Ultra HD & 4K
UHD is a resolution of 3840 pixels × 2160 lines (8.3 megapixels, aspect ratio 16:9) and is one of the two resolutions of ultra high definition television targeted towards consumer television, the other being FUHD which is 7680 pixels × 4320 lines (33.2 megapixels). UHD has twice the horizontal and vertical resolution of the 1080p HDTV format, with four times as many pixels overall.
Ultra High Definition is a derivation of the 4K digital cinema standard. However while cinemas show images in native 4096 x 2160 4K resolution, the Ultra HD consumer format has a slightly lower resolution of 3840 X 2160.
Ultra-high-definition television is also known as Ultra HD, UHD, and UHDTV.
In Japan, 8K UHDTV will be known as Super Hi-Vision since Hi-Vision was the term used in Japan for HDTV.
In the consumer electronics market companies had previously only used the term 4K at the 2012 International CES but that had changed to Ultra HD during the 2013 International CES.
The Ultra HD term is an umbrella term that was selected by the Consumer Electronics Association after extensive consumer research.
The UHD Alliance
The UHD Alliance is a global coalition of leading film studios, TV brands, content distributors, post-production and technology companies that aim to create a unified criterion for premium UHD platforms, from devices to content including next generation features like as 4K resolution, High Dynamic Range, Wide Color Gamut, High Frame Rate and Immersive Audio.
The group is composed of DIRECTV, Dolby Laboratories, LG Electronics Inc., Netflix, Panasonic Corporation, Samsung Electronics Co., Ltd., Sharp Corporation, Sony Visual Product Inc., Technicolor, The Walt Disney Studios, Twentieth Century Fox and Warner Bros. Entertainment.
The UHD Alliance was created with the consumer in mind; it provides information on premium Ultra-HD content and devices to deliver best-in-class home entertainment. The Alliance is also focused on helping consumers benefit from a seamless, integrated and high-quality Ultra-HD ecosystem from end-to-end. Premium Ultra-HD content and devices will be clearly identified so consumers can easily recognize them in-store.
The UHD Alliance aims to ensure that all of the links in the chain – from the production and distribution of content and devices – meet the identified premium quality standards whilst embracing standards that are open and allow flexibility in the market yet give consumers confidence that they can watch the content they want on their devices. In the coming months, the group will convene to outline a technology roadmap for the rapid evolution of UHD technology, worldwide.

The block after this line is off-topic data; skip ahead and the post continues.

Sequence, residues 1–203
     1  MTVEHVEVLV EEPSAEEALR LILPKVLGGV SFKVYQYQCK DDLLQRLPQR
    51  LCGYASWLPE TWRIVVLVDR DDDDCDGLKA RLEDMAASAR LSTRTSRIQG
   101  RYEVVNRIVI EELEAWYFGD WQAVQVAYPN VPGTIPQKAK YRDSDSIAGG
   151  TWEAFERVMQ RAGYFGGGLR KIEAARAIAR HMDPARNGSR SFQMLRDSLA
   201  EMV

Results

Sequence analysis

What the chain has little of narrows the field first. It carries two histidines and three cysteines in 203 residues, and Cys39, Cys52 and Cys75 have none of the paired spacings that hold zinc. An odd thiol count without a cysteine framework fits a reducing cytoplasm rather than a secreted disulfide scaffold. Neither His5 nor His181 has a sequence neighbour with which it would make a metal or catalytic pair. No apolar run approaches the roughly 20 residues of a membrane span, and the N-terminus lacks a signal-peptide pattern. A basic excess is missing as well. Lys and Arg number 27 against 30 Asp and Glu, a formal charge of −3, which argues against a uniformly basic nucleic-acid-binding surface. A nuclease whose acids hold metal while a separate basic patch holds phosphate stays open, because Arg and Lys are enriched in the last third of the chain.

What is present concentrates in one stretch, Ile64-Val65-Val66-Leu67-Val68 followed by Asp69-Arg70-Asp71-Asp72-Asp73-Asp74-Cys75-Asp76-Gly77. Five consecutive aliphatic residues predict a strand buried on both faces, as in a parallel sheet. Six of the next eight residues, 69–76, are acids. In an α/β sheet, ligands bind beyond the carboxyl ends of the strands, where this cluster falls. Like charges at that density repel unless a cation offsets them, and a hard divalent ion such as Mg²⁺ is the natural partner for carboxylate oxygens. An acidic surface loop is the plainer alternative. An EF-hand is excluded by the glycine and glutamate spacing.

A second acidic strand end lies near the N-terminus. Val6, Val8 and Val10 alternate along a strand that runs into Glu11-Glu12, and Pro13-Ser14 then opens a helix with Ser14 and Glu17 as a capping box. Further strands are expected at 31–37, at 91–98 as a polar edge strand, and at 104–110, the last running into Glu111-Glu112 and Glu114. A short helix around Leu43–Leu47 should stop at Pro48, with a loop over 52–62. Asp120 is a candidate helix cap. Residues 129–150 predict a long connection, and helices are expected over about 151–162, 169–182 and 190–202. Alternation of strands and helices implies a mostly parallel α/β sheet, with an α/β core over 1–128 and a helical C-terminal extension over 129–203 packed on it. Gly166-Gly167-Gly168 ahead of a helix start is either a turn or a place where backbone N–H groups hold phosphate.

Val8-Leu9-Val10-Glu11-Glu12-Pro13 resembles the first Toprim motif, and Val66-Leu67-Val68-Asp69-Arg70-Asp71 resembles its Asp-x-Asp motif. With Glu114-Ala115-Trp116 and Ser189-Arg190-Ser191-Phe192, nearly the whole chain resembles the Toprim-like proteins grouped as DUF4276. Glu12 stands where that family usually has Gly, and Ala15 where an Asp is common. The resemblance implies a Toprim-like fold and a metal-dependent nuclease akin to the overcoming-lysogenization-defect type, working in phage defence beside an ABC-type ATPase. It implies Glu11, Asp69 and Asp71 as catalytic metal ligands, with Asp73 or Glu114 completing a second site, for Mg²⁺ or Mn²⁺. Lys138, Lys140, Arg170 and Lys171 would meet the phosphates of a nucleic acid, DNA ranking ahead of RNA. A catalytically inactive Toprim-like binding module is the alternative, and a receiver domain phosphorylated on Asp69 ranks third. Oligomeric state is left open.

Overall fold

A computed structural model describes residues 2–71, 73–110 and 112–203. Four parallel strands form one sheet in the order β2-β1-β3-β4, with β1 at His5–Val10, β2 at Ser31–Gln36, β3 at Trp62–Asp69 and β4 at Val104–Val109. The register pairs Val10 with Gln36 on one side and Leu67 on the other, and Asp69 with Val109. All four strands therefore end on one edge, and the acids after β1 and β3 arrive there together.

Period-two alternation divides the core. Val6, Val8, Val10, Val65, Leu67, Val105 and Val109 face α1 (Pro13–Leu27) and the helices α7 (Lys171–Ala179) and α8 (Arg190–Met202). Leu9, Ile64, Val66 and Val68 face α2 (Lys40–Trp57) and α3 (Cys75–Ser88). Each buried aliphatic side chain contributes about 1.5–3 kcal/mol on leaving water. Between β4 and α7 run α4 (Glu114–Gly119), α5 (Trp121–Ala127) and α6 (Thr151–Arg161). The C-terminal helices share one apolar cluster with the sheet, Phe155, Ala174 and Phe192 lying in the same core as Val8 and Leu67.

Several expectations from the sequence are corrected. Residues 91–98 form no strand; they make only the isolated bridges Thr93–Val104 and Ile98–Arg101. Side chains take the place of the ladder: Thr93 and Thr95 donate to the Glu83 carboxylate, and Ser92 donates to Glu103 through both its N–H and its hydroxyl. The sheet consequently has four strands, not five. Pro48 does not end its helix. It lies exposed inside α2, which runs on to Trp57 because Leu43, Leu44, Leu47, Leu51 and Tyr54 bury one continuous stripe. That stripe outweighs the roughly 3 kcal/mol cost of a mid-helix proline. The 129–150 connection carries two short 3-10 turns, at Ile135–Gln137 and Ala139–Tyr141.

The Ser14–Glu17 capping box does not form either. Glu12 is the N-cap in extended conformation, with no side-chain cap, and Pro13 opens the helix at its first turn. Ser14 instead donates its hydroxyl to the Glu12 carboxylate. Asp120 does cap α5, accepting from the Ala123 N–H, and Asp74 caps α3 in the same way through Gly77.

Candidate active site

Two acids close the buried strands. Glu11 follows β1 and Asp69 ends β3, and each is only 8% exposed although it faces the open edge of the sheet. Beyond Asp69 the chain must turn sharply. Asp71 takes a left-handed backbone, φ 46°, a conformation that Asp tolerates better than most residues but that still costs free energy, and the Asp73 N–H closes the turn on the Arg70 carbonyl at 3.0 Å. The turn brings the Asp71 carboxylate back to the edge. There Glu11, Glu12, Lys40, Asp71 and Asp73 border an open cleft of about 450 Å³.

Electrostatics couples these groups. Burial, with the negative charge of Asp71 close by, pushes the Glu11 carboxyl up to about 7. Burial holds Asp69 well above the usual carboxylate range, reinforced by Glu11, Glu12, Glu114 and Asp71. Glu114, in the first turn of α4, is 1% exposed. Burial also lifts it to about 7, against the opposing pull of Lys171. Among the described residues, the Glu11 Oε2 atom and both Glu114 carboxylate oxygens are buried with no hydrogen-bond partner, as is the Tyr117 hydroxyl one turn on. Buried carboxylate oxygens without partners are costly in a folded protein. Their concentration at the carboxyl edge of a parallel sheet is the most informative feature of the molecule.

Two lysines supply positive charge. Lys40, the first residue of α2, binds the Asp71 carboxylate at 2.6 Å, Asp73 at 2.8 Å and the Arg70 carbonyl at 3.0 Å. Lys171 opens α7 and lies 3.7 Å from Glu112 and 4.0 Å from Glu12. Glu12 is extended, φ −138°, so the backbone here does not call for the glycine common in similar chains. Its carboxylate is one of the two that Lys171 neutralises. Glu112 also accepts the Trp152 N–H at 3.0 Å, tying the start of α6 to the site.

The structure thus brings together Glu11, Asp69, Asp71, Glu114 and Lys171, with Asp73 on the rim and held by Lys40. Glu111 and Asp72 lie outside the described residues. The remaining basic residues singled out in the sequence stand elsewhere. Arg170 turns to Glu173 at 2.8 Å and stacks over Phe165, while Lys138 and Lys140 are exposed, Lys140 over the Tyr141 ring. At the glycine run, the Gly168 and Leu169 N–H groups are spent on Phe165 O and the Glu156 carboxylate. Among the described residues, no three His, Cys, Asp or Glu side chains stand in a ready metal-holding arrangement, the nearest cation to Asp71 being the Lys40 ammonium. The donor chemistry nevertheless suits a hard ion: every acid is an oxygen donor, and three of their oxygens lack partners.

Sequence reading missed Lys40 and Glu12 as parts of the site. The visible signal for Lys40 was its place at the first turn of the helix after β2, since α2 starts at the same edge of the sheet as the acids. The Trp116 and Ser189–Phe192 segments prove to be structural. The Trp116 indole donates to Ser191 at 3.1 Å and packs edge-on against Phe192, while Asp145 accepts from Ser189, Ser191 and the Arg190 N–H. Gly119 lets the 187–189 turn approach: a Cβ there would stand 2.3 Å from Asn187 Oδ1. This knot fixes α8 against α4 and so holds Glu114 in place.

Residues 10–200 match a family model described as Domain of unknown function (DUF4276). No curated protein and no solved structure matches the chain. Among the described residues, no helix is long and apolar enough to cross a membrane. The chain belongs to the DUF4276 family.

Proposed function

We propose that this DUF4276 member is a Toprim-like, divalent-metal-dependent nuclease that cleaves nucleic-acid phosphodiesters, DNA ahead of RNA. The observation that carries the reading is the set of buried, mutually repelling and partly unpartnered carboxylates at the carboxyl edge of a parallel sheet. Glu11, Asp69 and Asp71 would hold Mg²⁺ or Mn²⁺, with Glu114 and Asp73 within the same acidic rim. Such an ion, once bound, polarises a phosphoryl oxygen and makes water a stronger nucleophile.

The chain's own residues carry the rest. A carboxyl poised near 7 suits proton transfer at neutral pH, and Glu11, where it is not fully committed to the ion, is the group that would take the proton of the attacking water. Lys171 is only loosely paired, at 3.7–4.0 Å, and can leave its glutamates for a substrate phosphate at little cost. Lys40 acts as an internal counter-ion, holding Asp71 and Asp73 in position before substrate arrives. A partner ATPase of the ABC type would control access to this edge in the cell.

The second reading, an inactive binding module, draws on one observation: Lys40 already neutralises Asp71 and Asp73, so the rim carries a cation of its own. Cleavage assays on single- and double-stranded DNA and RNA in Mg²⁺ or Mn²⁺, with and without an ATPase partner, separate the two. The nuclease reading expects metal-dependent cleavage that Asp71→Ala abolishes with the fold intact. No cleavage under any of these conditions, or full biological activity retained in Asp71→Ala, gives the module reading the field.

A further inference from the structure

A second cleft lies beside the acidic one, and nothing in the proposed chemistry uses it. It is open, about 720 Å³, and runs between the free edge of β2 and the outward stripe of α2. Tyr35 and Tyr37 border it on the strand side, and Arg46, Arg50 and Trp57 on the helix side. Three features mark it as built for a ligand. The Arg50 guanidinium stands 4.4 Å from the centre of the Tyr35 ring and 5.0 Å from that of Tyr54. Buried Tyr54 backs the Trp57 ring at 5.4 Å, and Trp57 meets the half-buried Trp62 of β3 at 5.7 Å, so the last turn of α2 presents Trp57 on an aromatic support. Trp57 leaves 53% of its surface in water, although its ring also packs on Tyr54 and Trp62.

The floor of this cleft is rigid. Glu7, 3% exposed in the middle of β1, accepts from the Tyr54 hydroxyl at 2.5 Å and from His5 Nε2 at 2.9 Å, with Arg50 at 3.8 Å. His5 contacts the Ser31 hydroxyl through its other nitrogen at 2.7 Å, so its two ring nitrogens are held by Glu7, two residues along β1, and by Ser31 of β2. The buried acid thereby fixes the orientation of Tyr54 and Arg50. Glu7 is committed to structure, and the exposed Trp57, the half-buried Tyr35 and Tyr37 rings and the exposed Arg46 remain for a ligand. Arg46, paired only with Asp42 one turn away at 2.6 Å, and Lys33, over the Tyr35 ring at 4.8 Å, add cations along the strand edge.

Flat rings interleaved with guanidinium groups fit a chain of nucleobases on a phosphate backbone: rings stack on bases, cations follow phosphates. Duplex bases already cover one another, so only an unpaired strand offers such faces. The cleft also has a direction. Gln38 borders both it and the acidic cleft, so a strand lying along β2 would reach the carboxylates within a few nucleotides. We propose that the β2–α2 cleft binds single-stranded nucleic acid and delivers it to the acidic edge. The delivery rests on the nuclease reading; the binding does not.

UHD in the UK
When can we expect to see a BBC One UHD or an ITV UHD? Not any time in the near future, at present there are no plans by any major public service broadcaster to even introduce a test channel in UHD, let alone a simulcast of any of their channel.
Firstly there is the issue of UHD/4K content, there is not a great amount available at present, though this was also the case with the introduction of HD . Here, SD content was upscaled to HD. This could also be done with HD to UHD until enough content in native UHD becomes available.
Then there are commercial and technical difficulties that will have to be considered before the introduction of any new services in UHD.
Capacity on the terrestrial Freeview platform is limited, a UHD channel would need more bandwidth than a HD channel, though compression technology is improving.
Although there is more free capacity on satellite, it will still require broadcasters to lease additional transponder capacity.
The BBC is committed to ‘platform neutrality’, this would require any new service to be on Freeview, Freesat, Sky and cable. BBC One’s English regions are still only broadcast in SD, so it would be hard to convince the BBC Trust of any real value to the public. It would also require the Corporation to cut funding to other services, there have already been many cuts to BBC services and the BBC is under pressure to make even more saving. So there is not much hope of any BBC UHD at present. The BBC has carried out UHD trials in 2014 during the World Cup, these were carried out on both DTT and IP. The BBC is unlikely to start using UHD before 2018-2020, this when the switch from DVB-T to DVB-T2 is expected to occur on Freeview.
For more information see: BBC R&D Ultra-High Definition Trials
For the other public service broadcaster, the challenges are more or less the same as those of the BBC, introducing UHD would require the PSBs to broadcast in three different formats, SD, HD and UHD. At some point in the future the switch from SD to HD will probably happen, simulcasting channels costs money and takes up capacity, also most Freeview multiplexes are still using DVB-T/MPEG2. A switch to DVB-T2 would have to happen before any UHD can be considered.
British Sky Broadcasting (BSkyB) is reportedly developing a new set-top box that is capable of delivering ultra high-definition (UHD) broadcast to subscribers, potentially bringing more native 4K content to UK viewers.
Sky has set up a group codenamed “Project Ethan” to revamp its set-top box system, with the primary aim of fending off threats to its subscription-based business model from rival internet services.
While Sky’s project will be focusing on cloud technology, UHD hardware and software are being developed, as the satellite television broadcaster prepares for the Ultra HD era.
The proposed Sky UHD package will likely need an entirely new set-top box that can handle super high-resolution programmes. Sky is the most likely source for the first UHD channels in the UK.
- Two resolutions are defined as UHDTV:
4K UHDTV (2160p) is 3840 pixels wide by 2160 pixels tall (8.29 megapixels), which is four times as many pixels as 1920×1080 (2.07 megapixels).